One of the great mysteries in life is why some of us prefer to be swamp-dwellers. Not literally. I'm not dissing those living in the low country of the Gulf States or, frankly, anyone stuck in less than pristine living conditions. No, what I'm talking about is why some of us choose to be prisoners of our own minds. My grandmother used to tell me, "Some days, you need an escort to take you through that dangerous neighborhood that is your mind."
Ask a thoughtful swamp-dweller why they perennially veer toward the negative and they may tell you that low expectations translate into less disappointment in their lives. In fact, philosopher William James once wrote that self-esteem could be distilled down to an equation: success in life divided by expectations. Recent studies have shown that Asian-American students coming from families with high academic expectations of them tend to have lower self-esteem even when they score very well on their exams, so maybe there's some truth to this. But, low expectations can also translate into less success when one's spirit and motivation is poisoned by a lack of hope, meaning, or possibility in one's life.
In the context of business, we're all aware that some corporate cultures create a momentum of victory while others create a constant feeling of failure. Given that my company often takes over the management of hotels that are in a downward spiral, I know the signs of a troubled culture: passive aggressive communication, lots of finger pointing, and universally low expectations. Yet, there are many companies that have risen from their swamp whether it's Continental Airlines with a newcomer CEO Gordon Bethune in the 90's or Apple with returning CEO Steve Jobs at around that same time. In both cases, these execs first had to help all in the organization believe in themselves again and identify a few initial victories that they could point to in order to start building that momentum of victory.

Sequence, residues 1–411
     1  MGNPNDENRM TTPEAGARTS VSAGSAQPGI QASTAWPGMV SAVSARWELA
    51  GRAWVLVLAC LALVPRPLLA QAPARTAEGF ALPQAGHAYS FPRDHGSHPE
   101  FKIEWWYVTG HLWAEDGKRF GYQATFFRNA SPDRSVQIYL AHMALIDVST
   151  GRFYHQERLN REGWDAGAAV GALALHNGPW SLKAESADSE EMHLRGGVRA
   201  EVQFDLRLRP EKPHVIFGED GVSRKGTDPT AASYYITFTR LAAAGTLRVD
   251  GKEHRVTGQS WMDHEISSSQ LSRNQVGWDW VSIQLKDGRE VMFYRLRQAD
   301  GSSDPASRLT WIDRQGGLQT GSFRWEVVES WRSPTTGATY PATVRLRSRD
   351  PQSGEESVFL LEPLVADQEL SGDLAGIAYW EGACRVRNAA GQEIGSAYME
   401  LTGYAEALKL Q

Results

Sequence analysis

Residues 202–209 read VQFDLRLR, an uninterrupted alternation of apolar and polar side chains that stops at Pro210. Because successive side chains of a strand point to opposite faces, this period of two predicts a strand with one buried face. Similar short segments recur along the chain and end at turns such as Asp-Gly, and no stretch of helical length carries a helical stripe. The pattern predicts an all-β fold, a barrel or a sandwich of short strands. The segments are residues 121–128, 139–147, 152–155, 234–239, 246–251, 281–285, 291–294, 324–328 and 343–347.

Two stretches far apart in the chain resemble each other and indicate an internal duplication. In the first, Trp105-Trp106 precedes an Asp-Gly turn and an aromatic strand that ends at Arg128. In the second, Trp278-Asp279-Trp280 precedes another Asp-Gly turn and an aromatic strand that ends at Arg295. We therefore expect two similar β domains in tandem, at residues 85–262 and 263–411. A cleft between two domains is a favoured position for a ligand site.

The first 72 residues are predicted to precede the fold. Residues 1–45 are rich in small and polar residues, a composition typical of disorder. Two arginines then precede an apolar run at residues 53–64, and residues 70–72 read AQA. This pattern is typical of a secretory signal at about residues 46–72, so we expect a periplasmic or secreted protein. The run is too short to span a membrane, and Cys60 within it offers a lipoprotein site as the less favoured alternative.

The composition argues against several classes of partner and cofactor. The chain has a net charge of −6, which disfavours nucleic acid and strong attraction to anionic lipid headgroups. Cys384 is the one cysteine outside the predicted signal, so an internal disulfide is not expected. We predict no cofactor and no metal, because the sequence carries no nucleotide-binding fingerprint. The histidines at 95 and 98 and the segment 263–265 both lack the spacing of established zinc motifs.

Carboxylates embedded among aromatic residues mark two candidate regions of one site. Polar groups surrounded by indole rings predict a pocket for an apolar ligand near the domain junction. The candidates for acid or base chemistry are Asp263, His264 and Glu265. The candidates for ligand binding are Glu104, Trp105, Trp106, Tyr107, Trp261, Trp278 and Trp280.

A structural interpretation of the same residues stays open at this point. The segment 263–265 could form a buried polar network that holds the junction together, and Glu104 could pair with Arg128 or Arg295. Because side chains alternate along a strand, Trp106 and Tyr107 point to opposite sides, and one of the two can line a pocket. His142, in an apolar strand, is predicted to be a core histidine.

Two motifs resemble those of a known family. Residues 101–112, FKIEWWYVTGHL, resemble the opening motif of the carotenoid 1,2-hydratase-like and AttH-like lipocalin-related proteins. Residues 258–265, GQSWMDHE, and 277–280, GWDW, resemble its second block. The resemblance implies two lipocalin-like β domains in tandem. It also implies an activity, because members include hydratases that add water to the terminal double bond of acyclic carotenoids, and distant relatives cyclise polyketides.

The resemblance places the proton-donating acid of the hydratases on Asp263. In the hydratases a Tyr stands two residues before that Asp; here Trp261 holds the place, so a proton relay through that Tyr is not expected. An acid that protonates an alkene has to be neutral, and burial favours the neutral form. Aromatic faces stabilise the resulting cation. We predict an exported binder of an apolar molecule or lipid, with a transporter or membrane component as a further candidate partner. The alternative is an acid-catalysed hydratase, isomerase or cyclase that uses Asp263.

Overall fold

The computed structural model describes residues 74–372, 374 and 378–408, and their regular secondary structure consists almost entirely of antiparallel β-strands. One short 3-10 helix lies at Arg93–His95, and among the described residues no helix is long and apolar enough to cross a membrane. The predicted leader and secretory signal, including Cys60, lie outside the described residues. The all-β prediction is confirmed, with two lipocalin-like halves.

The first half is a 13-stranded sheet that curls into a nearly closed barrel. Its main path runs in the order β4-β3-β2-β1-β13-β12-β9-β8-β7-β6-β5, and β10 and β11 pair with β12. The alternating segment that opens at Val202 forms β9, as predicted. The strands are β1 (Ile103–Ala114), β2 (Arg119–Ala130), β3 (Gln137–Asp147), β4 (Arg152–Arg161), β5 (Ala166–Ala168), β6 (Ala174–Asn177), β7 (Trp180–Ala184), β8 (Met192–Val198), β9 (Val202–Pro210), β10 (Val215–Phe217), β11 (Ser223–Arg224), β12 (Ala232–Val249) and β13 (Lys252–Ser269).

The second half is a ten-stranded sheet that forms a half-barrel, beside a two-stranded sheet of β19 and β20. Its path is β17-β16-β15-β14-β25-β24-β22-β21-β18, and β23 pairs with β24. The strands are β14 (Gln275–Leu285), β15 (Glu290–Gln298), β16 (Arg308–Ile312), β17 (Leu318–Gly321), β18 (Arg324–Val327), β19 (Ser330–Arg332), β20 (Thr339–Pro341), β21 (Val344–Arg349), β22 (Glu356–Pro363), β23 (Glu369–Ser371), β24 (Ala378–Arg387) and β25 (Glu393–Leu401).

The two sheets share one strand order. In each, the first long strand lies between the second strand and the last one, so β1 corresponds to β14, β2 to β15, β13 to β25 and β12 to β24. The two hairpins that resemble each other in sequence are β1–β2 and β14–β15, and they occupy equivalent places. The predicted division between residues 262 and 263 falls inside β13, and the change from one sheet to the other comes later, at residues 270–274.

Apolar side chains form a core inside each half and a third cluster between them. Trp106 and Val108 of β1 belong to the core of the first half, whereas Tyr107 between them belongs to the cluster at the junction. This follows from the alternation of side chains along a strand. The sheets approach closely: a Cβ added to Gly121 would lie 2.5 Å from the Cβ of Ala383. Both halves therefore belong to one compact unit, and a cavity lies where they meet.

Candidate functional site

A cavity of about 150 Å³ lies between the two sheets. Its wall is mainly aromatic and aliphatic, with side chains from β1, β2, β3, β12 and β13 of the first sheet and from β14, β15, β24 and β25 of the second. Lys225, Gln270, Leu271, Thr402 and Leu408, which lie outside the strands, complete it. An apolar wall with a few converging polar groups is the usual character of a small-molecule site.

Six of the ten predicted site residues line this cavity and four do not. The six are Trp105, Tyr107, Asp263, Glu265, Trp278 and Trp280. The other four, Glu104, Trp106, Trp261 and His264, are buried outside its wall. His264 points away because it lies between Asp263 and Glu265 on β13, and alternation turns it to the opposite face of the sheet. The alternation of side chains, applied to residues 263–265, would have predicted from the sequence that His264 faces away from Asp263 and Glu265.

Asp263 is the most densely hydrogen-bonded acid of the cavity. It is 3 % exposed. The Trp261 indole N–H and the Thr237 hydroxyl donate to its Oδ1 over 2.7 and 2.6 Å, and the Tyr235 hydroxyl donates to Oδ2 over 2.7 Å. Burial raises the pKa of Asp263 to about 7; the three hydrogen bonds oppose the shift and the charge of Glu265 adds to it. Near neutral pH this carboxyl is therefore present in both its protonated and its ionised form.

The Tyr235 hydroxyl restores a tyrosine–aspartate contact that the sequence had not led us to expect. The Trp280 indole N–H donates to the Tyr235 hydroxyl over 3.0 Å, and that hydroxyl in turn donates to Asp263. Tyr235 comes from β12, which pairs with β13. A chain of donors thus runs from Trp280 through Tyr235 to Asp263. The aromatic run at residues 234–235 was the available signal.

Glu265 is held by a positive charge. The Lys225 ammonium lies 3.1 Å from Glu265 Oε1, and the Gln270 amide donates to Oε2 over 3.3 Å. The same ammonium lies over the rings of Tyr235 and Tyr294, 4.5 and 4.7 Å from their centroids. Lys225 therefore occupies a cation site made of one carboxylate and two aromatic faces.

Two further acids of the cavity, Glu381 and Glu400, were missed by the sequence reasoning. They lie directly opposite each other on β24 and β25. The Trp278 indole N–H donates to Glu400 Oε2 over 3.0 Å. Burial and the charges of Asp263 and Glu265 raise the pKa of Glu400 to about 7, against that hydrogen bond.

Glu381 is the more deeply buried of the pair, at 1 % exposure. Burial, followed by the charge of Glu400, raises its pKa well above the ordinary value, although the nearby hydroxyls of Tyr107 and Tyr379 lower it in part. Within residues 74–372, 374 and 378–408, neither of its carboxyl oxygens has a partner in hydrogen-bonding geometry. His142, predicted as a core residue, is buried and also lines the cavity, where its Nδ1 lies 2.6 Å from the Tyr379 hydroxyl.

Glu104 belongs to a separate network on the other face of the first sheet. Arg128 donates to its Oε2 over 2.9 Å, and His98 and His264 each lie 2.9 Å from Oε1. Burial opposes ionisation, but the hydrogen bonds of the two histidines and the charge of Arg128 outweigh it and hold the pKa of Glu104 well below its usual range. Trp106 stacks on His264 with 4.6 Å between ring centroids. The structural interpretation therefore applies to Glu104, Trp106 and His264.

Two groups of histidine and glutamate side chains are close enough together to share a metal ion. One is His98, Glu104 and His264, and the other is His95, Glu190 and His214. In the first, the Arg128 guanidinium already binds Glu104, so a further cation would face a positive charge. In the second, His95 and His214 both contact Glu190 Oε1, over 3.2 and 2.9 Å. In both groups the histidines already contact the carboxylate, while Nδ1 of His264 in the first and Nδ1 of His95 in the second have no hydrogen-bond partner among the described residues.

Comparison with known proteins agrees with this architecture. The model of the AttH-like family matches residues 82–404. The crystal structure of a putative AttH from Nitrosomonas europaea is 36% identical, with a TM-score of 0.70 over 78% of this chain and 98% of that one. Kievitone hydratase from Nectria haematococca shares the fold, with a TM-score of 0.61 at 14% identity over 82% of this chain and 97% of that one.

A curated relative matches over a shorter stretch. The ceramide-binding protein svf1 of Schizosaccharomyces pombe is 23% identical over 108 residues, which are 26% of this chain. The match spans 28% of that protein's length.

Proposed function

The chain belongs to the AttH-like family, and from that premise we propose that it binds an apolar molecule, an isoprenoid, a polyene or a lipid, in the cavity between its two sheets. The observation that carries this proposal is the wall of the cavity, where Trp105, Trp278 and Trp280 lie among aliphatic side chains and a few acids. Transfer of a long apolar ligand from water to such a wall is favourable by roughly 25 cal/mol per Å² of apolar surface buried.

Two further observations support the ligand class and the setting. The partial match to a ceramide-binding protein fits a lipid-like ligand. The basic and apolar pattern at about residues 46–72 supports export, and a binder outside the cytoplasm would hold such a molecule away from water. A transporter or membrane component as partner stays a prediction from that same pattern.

My son has just been released from prison after a Federal Judge found that his constitutional rights had been violated (due to mistaken jury instructions). While he was initially ecstatic about being out after being wrongly accused for four and a half years, he started to gravitate back to familiar territory: Will the County District Attorney choose to appeal the Judge's ruling? Of course, this has enormous implications for his life, but it's also something he has little influence over and, for the time being, there's so much life to catch up on and to celebrate that obsessing on the D.A.'s actions can become a no-win game. One of the responsibilities of friends and family is to escort each other through the dark alleys of our minds when there are sunny, open spaces just around the corner.
I've been fortunate enough to spend the past few days in Montana with Mihaly Csikszentmihalyi (and his wife Isabella), the author of Flow and many other books on how to live an optimal life. One of the basic premises of Flow is that life is at its best when we're expertly navigating between challenge and skill. Think of a graph with two axes: with challenge on the vertical axis and skill on the horizontal axis. Flow occurs as we move diagonally away from the intersection of these two axes toward the upper right hand corner. But, most of us spend our lives toggling between boredom (low challenge, high skill) and anxiety (high challenge, low skill) living a life that feels too full of inertia or exertion.
Mihaly says someone in Flow
...concentrates their attention on a limited stimulus field, forgets personal problems, loses their sense of time and of themselves, feels competent and in control, and has a sense of harmony with their surroundings...they cease to worry about whether the activity will be productive or whether it will be rewarded...they have entered a state of flow.
This is true of individuals inside and outside of work as well as companies that pursue an organizational predilection toward Flow.
Manifesting a good life by just thinking positive thoughts is not enough. There's no doubt that healthy psycho-hygiene creates a greater likelihood of living a life in flow with the world. But, I prefer to think of this as more like planting yourself "downwind from the flower shop." Your willingness to build your skills and to accept challenges -- emotionally, professionally, intellectually, athletically, spiritually -- is your means of placing your destiny at a fortuitous intersection where good things come wafting your way. To understand how to find that flow in your life, read Mihaly's book of the same name or Finding Flow or Good Business (to understand the context for work) or The Evolving Self (how Flow can make a difference to society).